“- Damn, I forgot my cell phone charger. Can you lend me yours?
– What phone do you have? A Samsung? Sorry, I have an Iphone, it doesn’t work. »
This dialogue – beautifully composed by us – inevitably evokes an unbearable moment in everyday life, making you want to curse the incompatibility of smartphone chargers. This time of hell is soon over. On Tuesday, MEPs voted for the USB-C port to become the single socket within the European Union, by the end of 2024. Currently, three types of socket are circulating on the market: micro-USB, present on the majority of past Androids, USB-C, the current standard and the replacement for micro-USB, and Lightning, the famous Apple plug since 2012. Enough to tear your hair out in front of your laptop. And still, it was worse ten years ago, when about thirty different chargers (!), all incompatible with each other, circulated.
This obligation, which also concerns tablets, portable consoles and digital cameras, will affect laptops by 2026. According to the European Commission, this standardization will save the European population 250 million euros per year. From the same source, waste due to unused magazines, estimated at 11,000 tonnes per year, could be reduced by almost 1,000 tonnes.
United (formed) for the better
A story that recalls another, the coffee pod war. In 2014, the Autorité de la concurrence caught up with Nespresso by the neck regarding its abuse of power. At the time, the Nestlé subsidiary represented three-quarters of espresso coffee machines in France. Problem, 85% of the capsules compatible with these machines are… Nespresso. According to the producer of the L’Or Espresso pods and Ethical Coffee Company (ECC), Nespresso modified its machines to interfere with their use with competing pods. The coffee giant had to commit “to remove barriers to entry and development for other capsule manufacturers working with its coffee machines. »
A charger to rule them all, coffee machines for all pods… Is the consumer world whistling the end of the recreation of anything from brands to unique products? “There is a basic trend among consumers, with a search for ease and freedom, depicts Régine Vanheems, professor at the University of Lyon, specialist in trade and customer changes. And freedom does not mean finding which charger should be compatible or not being able to borrow the neighbour’s. »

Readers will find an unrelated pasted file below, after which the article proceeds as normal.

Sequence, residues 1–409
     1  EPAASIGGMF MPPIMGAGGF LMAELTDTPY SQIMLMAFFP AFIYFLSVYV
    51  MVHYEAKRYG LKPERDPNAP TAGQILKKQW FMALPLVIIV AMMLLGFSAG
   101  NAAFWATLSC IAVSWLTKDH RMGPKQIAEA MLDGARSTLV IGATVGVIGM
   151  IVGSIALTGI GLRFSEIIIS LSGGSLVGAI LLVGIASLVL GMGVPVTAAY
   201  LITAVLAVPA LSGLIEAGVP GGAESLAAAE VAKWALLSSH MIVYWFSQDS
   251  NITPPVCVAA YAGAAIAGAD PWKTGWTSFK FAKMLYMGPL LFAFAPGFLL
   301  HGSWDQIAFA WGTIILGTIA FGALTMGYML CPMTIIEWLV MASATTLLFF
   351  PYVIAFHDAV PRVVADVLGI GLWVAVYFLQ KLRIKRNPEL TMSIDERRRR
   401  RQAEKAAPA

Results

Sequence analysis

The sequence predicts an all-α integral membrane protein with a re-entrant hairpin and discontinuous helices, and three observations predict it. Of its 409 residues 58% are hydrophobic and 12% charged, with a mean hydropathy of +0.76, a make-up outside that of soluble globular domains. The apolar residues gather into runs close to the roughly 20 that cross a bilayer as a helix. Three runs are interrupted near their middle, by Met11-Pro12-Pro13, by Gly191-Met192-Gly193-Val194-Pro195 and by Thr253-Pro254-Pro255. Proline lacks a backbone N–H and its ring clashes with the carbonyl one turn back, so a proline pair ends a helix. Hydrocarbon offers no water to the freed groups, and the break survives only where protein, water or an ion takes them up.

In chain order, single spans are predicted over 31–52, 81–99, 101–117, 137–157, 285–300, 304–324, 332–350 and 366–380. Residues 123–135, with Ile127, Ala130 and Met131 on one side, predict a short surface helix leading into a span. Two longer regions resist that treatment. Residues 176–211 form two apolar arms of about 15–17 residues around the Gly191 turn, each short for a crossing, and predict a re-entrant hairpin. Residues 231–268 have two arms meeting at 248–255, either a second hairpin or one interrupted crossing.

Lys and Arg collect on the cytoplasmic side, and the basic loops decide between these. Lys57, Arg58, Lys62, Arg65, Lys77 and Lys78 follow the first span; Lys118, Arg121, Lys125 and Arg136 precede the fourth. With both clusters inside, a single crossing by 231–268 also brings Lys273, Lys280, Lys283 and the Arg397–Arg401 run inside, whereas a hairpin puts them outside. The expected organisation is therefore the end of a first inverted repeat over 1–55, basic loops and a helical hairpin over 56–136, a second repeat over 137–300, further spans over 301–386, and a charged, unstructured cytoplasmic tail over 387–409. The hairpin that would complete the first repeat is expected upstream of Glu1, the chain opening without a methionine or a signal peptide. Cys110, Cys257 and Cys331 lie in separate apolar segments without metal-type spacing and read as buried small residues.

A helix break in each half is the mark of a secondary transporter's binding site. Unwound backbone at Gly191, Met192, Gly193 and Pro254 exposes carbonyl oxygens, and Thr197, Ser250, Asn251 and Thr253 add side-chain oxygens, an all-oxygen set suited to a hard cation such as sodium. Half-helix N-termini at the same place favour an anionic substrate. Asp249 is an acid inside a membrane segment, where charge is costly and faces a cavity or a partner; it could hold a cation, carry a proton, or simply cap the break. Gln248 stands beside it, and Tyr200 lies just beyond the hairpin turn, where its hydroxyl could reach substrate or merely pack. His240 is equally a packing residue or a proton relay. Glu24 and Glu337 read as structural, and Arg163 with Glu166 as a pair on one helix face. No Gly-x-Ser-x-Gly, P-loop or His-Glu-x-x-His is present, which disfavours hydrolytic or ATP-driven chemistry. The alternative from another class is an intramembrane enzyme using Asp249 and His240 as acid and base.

And the marks in all this?
Any freedom accompanied by independence, “consumers no longer want to be captive to a brand, nor to pay an additional cost for it”, supports the expert. All sprinkled with an ecological conscience and a desire to consume less unnecessarily. Ronan Groussier, head of public affairs at the Halte à l’Obsolescence Programmetée (HOP) association, says the same thing: “We need to reduce the number of specific products dependent on a single brand. This is ecological nonsense and a waste. It is therefore a decision that goes in the right direction, even if there is still a lot to do, and it took a long time”. The European Commission has indeed looked into this subject since… 2009, fifteen years before it was implemented. But no matter, History is now on the move: “The trend that will be created is a single charger for the couple or the family. Fewer objects, therefore less costs, and less waste”, continues Régine Vanheems.
The two or three notions retained in the past during marketing quickly make us see the problem raised: how to create a brand identity in a standardized market? No coincidence that Apple has always strongly opposed this standardization of chargers. Ronan Groussier supports: “Brands defend the idea that specificity enables technological innovation. Despite the desires of consumers, we must therefore expect strong resistance – and dragging feet – from the side of the signs. »
However, standardizing certain products would pose no commercial problem, according to Régine Vanheems. Admittedly, the expert validates that “brands need to personalize their offer according to the characteristics of the consumer, to form an identity”, but not when it comes to “objects without added value, where personalization is found without interest”. Typically: laptop chargers. “In this case, personalization becomes harmful,” continues the expert.
Who imagines Adidas socks incompatible with Nike shoes? See you soon, then, in a world where all the corks would fit on all the bottles, where all the screwdrivers would be compatible with all the screws…? Régine Vanheems hopes so: “With this standardization of pests, brands will be able to concentrate on personalizing the real vectors of their difference”. Not to mention that who says unique product says less cost: “a gain either for the consumer or for the brands, which could use these margins to improve their products”. Win-win then. Either a uniform victory.